(A) Top panels: 17-ODYA–labeled S2-CP8/DKK1 KO cells were pretreated with the clathrin-mediated endocytosis inhibitor MDC and then stimulated with DKK1. CKAP4 immunoprecipitates (IP) from the membrane fractions and total lysates were subjected to the click chemistry assay, affinity purified [AP (click)], and immunoblotted for CKAP4. β-Actin is a loading control. The amounts of palmitoylated CKAP4 were quantified and are expressed as arbitrary units compared with values for cells without DKK1 simulation. (B) S2-CP8/DKK1 KO cells pretreated with MDC were stimulated with DKK1 or DKK1ΔCRD1. The cells were biotinylated and subjected to the APEGS assay. Reactions in which hydroxylamine (HAM) was omitted are negative controls. Total lysates and biotinylated precipitates (membrane) were immunoblotted for CKAP4. The amounts of palmitoylated CKAP4 were quantified and are expressed relative to the total CKAP4 abundance. (C and D) After S2-CP8/DKK1 KO cells pretreated with MDC were treated with PalB (C) or transfected with a scrambled control siRNA or a set of siRNAs targeting APT1/2 (APT1#1 + APT2#1) (D), the cells were stimulated with DKK1 followed by APEGS assay of the biotinylated membrane proteins. The amounts of palmitoylated CKAP4 were quantified and are expressed as relative to the total CKAP4 abundance. (E) Wild-type (WT) S2-CP8, S2-CP8/CKAP4 KO, and S2-CP8/DKK1 KO cells were pretreated with the amine-to-amine cross-linker DSP. Total protein lysates (input) and CKAP IP (membrane) were immunoblotted for CKAP4 and APT1. (F and G) 17-ODYA–labeled S2-CP8/DKK1 KO cells pretreated with MDC were treated with wortmannin (F) or AKT inhibitor VIII (G) and then were stimulated with DKK1. Total lysates (input) and CKAP4 IP were subjected to the click chemistry assay [AP (Click)] and immunoblotted for CKAP4 and clathrin. Clathrin is a loading control. The amounts of palmitoylated CKAP4 were quantified and are expressed as arbitrary units compared with values for control cells without DKK1 simulation. (H) APT1 activity assays. Lysates of 17-ODYA–labeled S2-CP8/CKAP4 KO/CKAP4-HA cells were immunoprecipitated with an antibody specific for HA, and the IP were used as substrates in APT1 assays. S2-CP8/DKK1 KO/APT1-FLAG cells treated with or without AKT inhibitor VIII were stimulated with DKK1 conditioned medium and lysed. FLAG immunoprecipitates of the lysates were used as the enzyme source for APT1 assays. Substrates and enzyme sources were mixed as indicated and subjected to the APT1 assay. The reactions were immunoblotted for HA. The amounts of palmitoylated CKAP4-HA were quantified and are expressed as arbitrary units compared with the values for time 0, and statistical analysis was performed. The values for DKK1-treated (DKK1) cells at each time point were used as controls. All blots are representative of three independent experiments, and results are shown as means ± SD of three independent experiments. *P < 0.05, **P < 0.01 (Student’s t test).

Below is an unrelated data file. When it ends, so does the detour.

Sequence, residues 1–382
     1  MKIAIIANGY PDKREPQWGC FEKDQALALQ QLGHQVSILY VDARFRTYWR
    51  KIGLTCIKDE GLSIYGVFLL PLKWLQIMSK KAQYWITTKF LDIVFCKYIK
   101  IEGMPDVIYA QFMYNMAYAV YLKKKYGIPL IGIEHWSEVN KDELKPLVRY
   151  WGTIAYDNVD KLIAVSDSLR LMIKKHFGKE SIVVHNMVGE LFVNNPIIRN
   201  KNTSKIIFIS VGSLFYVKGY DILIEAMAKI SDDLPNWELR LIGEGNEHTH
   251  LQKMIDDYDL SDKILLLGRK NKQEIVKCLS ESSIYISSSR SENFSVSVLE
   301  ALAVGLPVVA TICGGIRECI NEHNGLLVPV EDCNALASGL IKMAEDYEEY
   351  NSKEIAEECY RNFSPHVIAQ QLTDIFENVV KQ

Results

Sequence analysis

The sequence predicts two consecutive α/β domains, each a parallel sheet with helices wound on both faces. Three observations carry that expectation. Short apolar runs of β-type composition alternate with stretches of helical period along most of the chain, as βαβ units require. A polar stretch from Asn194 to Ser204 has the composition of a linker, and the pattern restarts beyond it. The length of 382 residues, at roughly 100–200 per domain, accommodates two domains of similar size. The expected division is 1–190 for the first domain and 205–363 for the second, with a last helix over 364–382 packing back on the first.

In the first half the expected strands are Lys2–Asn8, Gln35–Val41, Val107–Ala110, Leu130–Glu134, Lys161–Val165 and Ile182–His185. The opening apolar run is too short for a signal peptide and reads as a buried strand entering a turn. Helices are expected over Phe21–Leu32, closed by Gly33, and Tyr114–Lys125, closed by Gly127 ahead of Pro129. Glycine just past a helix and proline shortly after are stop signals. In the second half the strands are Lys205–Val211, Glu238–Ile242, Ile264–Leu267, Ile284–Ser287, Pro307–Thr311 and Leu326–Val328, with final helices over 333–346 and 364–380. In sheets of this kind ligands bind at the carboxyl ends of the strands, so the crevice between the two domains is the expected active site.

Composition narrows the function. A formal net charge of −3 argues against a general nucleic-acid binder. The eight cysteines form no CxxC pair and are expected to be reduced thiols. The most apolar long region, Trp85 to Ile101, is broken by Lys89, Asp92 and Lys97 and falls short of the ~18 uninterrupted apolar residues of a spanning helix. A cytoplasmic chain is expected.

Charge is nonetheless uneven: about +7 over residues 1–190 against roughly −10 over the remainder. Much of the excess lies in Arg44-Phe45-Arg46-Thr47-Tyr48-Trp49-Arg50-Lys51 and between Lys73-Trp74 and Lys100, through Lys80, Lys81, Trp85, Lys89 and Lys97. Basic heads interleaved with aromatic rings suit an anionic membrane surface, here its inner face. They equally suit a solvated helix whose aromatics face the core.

Because DKK1-CKAP4 signaling activates the PI3K-AKT pathway (13), we treated S2-CP8/DKK1 KO cells with inhibitors of PI3K (wortmannin and LY294002) or AKT (AKT inhibitor VIII) before the DKK1 treatment. These inhibitors suppressed DKK1-induced depalmitoylation of CKAP4 (Fig. 2, F and G, and fig. S4C). To determine whether the PI3K-AKT pathway was involved in depalmitoylation of CKAP4 downstream of DKK1, we examined APT1 activity in vitro using FLAG-tagged APT1 (APT1-FLAG) immunoprecipitated from S2-CP8/DKK1 KO cells and 17-ODYA–labeled CKAP4. When cells were stimulated with DKK1, AKT was activated, and treatment with AKT inhibitor VIII completely inhibited this (fig. S4D). The depalmitoylation activity of APT1-FLAG from cells treated with DKK1 was enhanced compared with that from untreated cells, and treatment cells with AKT inhibitor VIII prevented DKK1-mediated enhancement of the depalmitoylation activity of APT1-FLAG (Fig. 2H). APT1/2 does not contain putative AKT phosphorylation sites (RXRXXS/T) (43), and AKT did not phosphorylate APT1 or APT2 in vitro (fig. S4E). Therefore, PI3K and AKT were likely to be indirectly involved in DKK1-induced depalmitoylation of CKAP4 through APT1/2.